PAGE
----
Newspaper article Evening Chronicle (Newcastle, England)

North Songwriter in Tune with Stars; Jesmond-Born Showbiz Legend

Newspaper article Evening Chronicle (Newcastle, England)

North Songwriter in Tune with Stars; Jesmond-Born Showbiz Legend

Article excerpt

WHEN stars such as Bing Crosby, Frank Sinatra, Otis Redding, Mel Torm, Rod Stewart and Frankie Laine - to name but a few - are covering your songs, you know you're getting it right.

But not many people would guess that the songwriter we're talking about came from Jesmond, in Newcastle, and has such titles as Goodnight Sweetheart, Try a Little Tenderness and Show Me the Way to Go Home to his name.

Jimmy Campbell was born at the beginning of the last century, his father a builder. As a youngster his family moved from Jesmond to Whitley Bay.

The story goes that around 1925 Jimmy was travelling to London by train with his friend, Reg Connelly. The two lads had not had much luck and Jim said: "Reg, I'm fed up."

Reg replied: "Jimmy, so am I. Show me the way to go home ..."

"Sounds like a song," commented Jimmy. Within 10 minutes they had adapted the phrase to the tune of an old Canadian lumbercamp song.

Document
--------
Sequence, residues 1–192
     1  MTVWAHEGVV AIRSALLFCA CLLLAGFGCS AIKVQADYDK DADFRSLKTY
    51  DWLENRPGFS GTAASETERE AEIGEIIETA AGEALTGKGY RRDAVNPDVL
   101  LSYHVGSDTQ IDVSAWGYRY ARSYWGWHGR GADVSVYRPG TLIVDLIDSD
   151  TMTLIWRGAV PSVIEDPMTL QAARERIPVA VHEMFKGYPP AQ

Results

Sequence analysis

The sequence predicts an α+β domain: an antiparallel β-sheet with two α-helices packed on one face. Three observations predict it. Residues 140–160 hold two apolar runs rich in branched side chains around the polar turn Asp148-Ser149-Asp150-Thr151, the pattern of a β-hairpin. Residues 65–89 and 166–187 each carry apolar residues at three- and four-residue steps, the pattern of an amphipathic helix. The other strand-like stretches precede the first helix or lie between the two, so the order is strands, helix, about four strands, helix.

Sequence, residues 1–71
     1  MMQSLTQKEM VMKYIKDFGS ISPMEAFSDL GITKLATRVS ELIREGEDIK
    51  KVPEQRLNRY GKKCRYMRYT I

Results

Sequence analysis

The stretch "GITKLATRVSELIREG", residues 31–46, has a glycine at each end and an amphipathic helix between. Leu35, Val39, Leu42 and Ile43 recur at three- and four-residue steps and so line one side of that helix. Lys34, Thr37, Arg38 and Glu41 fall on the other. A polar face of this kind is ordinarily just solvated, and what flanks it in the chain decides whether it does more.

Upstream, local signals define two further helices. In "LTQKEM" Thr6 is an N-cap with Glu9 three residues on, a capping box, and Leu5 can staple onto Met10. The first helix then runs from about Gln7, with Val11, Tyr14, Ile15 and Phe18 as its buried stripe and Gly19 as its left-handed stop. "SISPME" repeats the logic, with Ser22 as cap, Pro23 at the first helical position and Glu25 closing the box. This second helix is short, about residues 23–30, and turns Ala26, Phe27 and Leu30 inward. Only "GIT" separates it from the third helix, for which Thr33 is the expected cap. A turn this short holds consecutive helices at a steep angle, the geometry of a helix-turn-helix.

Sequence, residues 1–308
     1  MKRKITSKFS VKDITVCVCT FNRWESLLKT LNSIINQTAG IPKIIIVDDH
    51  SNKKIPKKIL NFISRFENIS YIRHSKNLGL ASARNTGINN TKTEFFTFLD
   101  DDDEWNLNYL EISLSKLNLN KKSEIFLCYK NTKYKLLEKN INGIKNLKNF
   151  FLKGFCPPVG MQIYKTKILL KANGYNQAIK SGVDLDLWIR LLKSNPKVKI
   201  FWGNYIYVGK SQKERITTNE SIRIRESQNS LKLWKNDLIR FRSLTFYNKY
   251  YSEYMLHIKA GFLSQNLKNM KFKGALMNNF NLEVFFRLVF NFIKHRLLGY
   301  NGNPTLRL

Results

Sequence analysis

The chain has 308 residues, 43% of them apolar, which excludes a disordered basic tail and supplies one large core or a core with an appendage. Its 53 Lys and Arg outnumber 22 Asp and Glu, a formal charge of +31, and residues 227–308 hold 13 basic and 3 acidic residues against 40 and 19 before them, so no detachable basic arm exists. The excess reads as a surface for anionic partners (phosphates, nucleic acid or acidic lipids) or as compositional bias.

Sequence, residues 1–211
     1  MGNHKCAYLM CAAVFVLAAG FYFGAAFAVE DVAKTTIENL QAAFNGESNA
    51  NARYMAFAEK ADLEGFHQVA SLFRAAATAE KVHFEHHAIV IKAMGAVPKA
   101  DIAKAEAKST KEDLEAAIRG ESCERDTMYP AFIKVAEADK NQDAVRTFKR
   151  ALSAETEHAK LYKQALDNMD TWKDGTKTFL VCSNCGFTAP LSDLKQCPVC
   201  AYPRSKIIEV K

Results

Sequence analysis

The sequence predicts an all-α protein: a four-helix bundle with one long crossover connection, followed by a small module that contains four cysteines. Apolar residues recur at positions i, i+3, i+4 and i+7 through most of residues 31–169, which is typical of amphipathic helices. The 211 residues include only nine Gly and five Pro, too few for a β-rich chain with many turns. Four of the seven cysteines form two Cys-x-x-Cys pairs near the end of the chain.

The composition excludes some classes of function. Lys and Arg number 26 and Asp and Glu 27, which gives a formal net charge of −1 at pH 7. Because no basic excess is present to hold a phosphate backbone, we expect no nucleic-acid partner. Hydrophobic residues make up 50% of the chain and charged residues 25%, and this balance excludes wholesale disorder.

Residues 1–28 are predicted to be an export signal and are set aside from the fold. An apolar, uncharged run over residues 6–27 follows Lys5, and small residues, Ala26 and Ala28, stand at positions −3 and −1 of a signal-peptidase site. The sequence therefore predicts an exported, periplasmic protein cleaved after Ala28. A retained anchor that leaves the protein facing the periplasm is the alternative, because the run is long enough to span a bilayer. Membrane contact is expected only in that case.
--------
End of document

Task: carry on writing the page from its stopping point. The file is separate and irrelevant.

They knew instantly they had winner and were so confident that they published the song themselves.

Success was instant - in six months they had made pounds 20,000 and, in a few months more it was pounds 50,000.

Jimmy and Reg then wrote The More We Are Together with was picked by the Frothblowers, a charity organisation, which used it as their anthem and so the sheet music was bought by their thousands of members.

Then came There'll Only be the Two of Us before they followed that up with the massive Goodnight Sweetheart and the brilliant Try a Little Tenderness.

Other numbers included Down Sunnyside Lane, Twilight on Missouri and Echo in the Valley, sung by Bing Crosby in the film Going Hollywood, in 1933.

Things were going great for Jimmy and he was soon to meet and fall in love with Britain's most successful actress of the time, the great screen beauty Betty Balfour. They married in 1931 and Jimmy and Betty often travelled back to his native Tyneside on visits.

But Jimmy grew tired of writing songs and decided, instead, to set up a company to sell the rights of British songs worldwide.

His marriage to Betty floundered and they were divorced in 1941. Jimmy turned to drink and Betty is said to have attempted suicide.

On September 10, 1953, he was front page news in the Daily Mirror, under the banner headline: He heard the echo of a song ...

The story told how, like so many in showbusiness, he treated money casually and in 1940 he went bankrupt, he took to drink and his world began to totter.

He ended up going into a home for alcoholics, but when he came out he was penniless.

So he ended up in court, in Surrey, under his full name, James Alexander Balfour Campbell Tyrie, accused of obtaining credit by fraud. …

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